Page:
Finally, in Book Four, we see Korra battle her demons, her PTSD, for three years before she returns to her friends, namely Asami. As previously stated, we see Korra and Asami’s friendship blossom in Book Three, with them even bonding over the humor found in their respective immature relationships with Mako. Most lesbians have been there--giving it a shot with a boy, based on a real crush toward that “perfect” guy she thinks him to be. That’s the limited information we enter this dating game with, anyway, and the rules of that game (because every system that creates false identities for us is a “game”) are only just now changing for the current generation. Anyone who’s broken the heteronormative rules up to this point, one could argue, is just as brave as Korra, and the earlier the generation the braver. We’re brave because society’s influence is incredibly strong, as is our own personal desire to be accepted. But throughout history, and more visibly in recent history, there have been lesbians whose personalities are much stronger than those pressures, so much so that they can break free from the lies and know that acceptance means nothing if people only accept a person for who they’re not. I speak specifically here of lesbians because of the intersectionality of homophobia and sexism (and in Korra’s case, she is also dark-skinned and from an arctic-like country, so many fans see her as Inuit, if her world weren’t fantasy). Basically, the fact that Korra and Asami once dated a guy does not mean they’re not fierce lesbians.

Throughout Korra’s recovery where she learns to walk again while trying to rid herself of the image of when she lost herself with Zaheer, she receives many letters from her friends, but only writes back to Asami, her friend who stood by her and even saved her on a number of occasions though she has no bending abilities. She’s just smart and caring and loyal. And even though Korra has a lot on her mind at this point, she finds comfort in this friend. There is an excuse for Korra to get close to her rather than her other friends--she is another girl. Girls are friends with one another; they have those shared experiences as women in both natural and social landscapes. They both know how awful men can be when they try to impose their ideals on them no matter the cost. Asami feels this reality as much as Korra since her own father tried to kill her for not believing as he did--another historically possible consequence for lesbians--even if she (perhaps) has not experienced the physical pain that Korra has. That pain is nevertheless a reality for women everywhere simply because they are women. And so by Book Four, Asami and Korra have recognized the strength of their bond.

Also in Book Four, there are a number of other women characters who play key roles in Korra’s journey. Not only does Katara (wife of the previous Avatar) help Korra heal her physical body, but Toph (friend of the previous Avatar) helps her heal her spirit. These two elderly women use their gifts to aid the young Korra to realize her female strength. Korra is stubborn, so she has to learn that sometimes she needs help outside of herself. Who better to help her than women with whole lifetimes of experience? She also finds when she returns to Republic City that the person trying to take over the city by force is a woman this time, named Kuvira. The difference in the outcomes between this showdown and the three previous that Korra had with her male adversaries is that Kuvira does not try to violate her before she destroys her, but I will not spoil anything else that happens with Kuvira here.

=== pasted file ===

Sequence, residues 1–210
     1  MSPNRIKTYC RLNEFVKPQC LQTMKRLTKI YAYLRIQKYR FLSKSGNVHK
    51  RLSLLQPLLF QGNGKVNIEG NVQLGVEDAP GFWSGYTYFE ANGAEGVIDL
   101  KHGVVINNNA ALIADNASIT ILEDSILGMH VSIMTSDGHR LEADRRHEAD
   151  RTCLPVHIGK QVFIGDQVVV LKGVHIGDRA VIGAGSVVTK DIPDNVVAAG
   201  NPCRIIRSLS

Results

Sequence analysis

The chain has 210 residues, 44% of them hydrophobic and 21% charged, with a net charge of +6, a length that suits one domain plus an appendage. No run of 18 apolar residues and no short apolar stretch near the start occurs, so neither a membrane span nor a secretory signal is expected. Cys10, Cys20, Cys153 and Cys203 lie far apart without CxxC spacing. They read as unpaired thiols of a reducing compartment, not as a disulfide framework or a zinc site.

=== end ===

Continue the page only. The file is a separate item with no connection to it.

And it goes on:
I am, however, going to spoil what happens with Asami a little bit. In the last few minutes of the series, after everything has calmed down, we are left with only Korra and Asami. The moments are not blatantly romantic, only sweetly so. “Let’s go on a vacation, just the two of us, anywhere you want.” Korra is starting to see that life is not all turmoil, that there is a light that shines through all the corruption, and there is no logical reason she should not allow herself to cling to that light. One gets the impression that Asami knew of her own feelings for Korra for a long time, but waited on her patiently, through the storms of battle, and through the quiet of Korra’s absence during her long recovery. That’s not to say that Asami did not vent her frustrations with Korra for being gone so long upon her return. But that was because she had missed her.

So that final scene came, and the audience caught a glimpse into the dawning of Korra’s realization about what her friend meant to her. She had fought her way through the violence of entitled men to find peace with the woman who showed her the most love and patience while Korra came into her own, without the overbearing influence of a whiny boyfriend, and past the effects of her suffering. Asami stuck by her.

Virginia Woolf continues in her essay, “Suppose, for instance, that men were only represented in literature as the lovers of women, and were never the friends of men, soldiers, thinkers, dreamers...literature would be incredibly impoverished, as indeed literature is impoverished beyond our counting by the doors that have been shut upon women.” The writers of The Legend of Korra may have known what they were doing when they decided where Korra would end up. They may have even wanted to go farther in exploring the relationship but were constrained by production expectations. I have read what co-creator Bryan Konietzko had to say on this topic of Korrasami (in short, he confirms the relationship as canon), but an author’s intention has never really mattered that much to me. A story a person writes reveals so much about the human mind that the author never intended or even thought to intend. Somewhere in their psyches, the writers knew where Korra’s story had to go, and I can only hope that women and girls will soon have an abundance of theses stories of women helping women and women loving women.

“And what am I going to find if I get through this?” the exhausted, pained, frustrated Korra asks Katara, the old woman helping her heal.

“I don’t know,” Katara says, “but won’t it be interesting to find out?”


Chrissy is a Hoosier nerd who loves stories about interesting women because she finds meaning that way. An Indianapolis native, she currently lives in southern Indiana with her partner and her dog while she attempts to inspire young minds as an English teacher.